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In Season Of Plenty, Still Plenty Of Need

Roslyn and Xavier Guyette. Roslyn Guyette is a member of St. Vincent de Paul.

It’s the holidays, and that means lots of shopping, planning, preparing and general good will towards our fellow human beings.  That goodwill can come in the form of a smile at the checkout, or it can be something much more substantial, valuable & often necessary.

In this season of commercial consumerism, it's easy to forget that there are many in need in our community.  Luckily there are organizations and people here to help people like Roslyn Guyette.

"Yes, I'm a parishioner at Nativity of Our Lord, Catholic Church which is just off of campus and I'm also a member of the St. Vincent DePaul conference. Which is at Nativity of Our Lord."

The Society of St. Vincent DePaul is a worldwide organization that helps those in need.  In our community, they provide person to person assistance with rent, utilities, prescriptions, dentures and other emergency needs, among other activities.

We've all seen people asking for help on the corner, people with signs, people asking if you have any spare change. Sometimes we roll down the window, talk to them, or share some money or a granola bar, sometimes we don't even look at them. No matter what our reaction there is a temptation to judge them based on how they look, and, according to Guyette, those assumptions and judgments are usually wrong.

"I think frequently when we see someone in need, like a homeless person we’re very critical because they have a cell phone or they have a nice jacket on, or their shoes look fine. And so there is a tendency to wonder why they are in need and begging on the roadside, but they’ve probably being to a shelter and received those shoes, free of charge, and a jacket that was donated by someone else.  So I don't think what they're wearing or how they hold them self is an indicator of how much in need they really are."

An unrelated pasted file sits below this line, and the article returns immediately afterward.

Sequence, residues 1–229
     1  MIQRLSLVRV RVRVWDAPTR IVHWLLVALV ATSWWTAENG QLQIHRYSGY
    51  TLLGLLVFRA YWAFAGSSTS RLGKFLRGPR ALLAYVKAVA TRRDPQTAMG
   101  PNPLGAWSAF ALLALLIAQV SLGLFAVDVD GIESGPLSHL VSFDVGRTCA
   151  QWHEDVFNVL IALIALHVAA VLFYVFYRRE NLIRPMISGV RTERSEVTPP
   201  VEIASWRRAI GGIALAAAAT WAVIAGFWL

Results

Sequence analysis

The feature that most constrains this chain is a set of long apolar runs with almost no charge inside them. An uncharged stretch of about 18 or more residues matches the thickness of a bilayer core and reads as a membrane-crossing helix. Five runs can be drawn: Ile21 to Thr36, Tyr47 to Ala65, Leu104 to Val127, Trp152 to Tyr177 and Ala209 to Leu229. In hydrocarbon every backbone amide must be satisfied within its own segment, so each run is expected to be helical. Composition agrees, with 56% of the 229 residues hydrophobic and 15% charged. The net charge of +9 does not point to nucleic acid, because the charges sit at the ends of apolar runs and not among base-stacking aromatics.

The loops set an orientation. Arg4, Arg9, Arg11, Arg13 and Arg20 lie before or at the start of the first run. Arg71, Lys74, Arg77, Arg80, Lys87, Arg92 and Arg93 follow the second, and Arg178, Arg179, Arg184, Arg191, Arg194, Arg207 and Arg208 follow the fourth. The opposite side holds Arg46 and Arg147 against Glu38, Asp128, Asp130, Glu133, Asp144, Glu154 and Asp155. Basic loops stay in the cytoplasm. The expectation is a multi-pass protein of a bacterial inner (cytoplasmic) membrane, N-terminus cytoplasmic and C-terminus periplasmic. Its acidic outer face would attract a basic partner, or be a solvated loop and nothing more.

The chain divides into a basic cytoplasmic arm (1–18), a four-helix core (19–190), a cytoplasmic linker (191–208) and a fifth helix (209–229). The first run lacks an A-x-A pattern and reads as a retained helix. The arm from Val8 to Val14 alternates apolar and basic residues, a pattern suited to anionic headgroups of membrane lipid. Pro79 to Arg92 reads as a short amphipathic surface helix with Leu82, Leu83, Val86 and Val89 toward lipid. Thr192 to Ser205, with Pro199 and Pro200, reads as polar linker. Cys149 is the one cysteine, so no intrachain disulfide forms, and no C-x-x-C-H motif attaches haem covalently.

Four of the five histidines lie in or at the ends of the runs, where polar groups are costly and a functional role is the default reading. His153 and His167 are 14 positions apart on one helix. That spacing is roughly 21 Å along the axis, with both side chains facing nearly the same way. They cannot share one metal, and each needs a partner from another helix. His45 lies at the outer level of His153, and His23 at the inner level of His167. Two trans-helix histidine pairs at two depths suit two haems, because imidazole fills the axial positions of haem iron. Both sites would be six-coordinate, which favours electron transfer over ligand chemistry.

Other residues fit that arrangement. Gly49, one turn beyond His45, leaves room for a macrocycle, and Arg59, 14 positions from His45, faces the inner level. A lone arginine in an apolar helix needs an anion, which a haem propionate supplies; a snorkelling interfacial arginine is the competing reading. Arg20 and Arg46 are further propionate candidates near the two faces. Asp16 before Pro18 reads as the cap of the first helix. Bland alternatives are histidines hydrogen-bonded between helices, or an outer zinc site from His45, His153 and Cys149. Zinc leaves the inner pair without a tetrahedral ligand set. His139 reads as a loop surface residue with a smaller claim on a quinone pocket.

You’ve probably thrown in a few bucks in a kettle or two in front of your favorite store this holiday season. Which is great.  If you want to do a little more Guyette says, there's a way to do that too.

"People are very nervous about handing out money to someone on the road side.  Which is understandable, because you want to know that your money is maybe being used for something that you would want it to be used for.  So a solution to that would be to carry gift cards with you for fast food restaurants so that you know you could hand a $5 gift certificate rather than $5 that you are more concerned about what would be bought with that money."

Along with the good feeling she gets from helping people with food, clothing and shelter, Roslyn has also collected some interesting stories, not to mention some exciting invitations

"There were two gentlemen, they were going up to one of the Dakotas to work in an oil field I think. And they were going to ride the rails and they said if I went with them they would look after me, I would belong to them because they would tie a piece of fabric to my wrist, which indicated don't touch her but I felt like at my age I probably shouldn't be doing that sort of thing and I think my husband would have had something to say also.  But, forty years ago that would be have been very exciting."

It’s a myth that most homeless live on the streets and sleep in shelters.  It’s a myth that most don’t take care of themselves, and that they’re fine with being homeless.  What’s not a myth is that there are lots of ways you can help someone on the street in need -food, gift cards, batteries, clothing, cash.  All of these are good to give, and someone needs it. 

More information and organizations:

St Vincent De Paul NW Florida

United Way Escambia County

Homeless Shelter Resources- local and statewide

Local Bill Payment Assistance

Salvation Army Pensacola

Loaves & Fishes

Ronald McDonald House Charities

More resources


Joe Vincenza has been working in public radio since 1984, doing any number of jobs at a variety of stations around the country. As Program Director at WUWF, a position he's held since arriving in Pensacola in 2000, his job now focuses on making sure the station sounds as good as it can, both in content and in technical quality. He's also the guy listeners should talk to when there is something they don't like, or something they do. Contact: 850.473.7451 or joe@wuwf.org.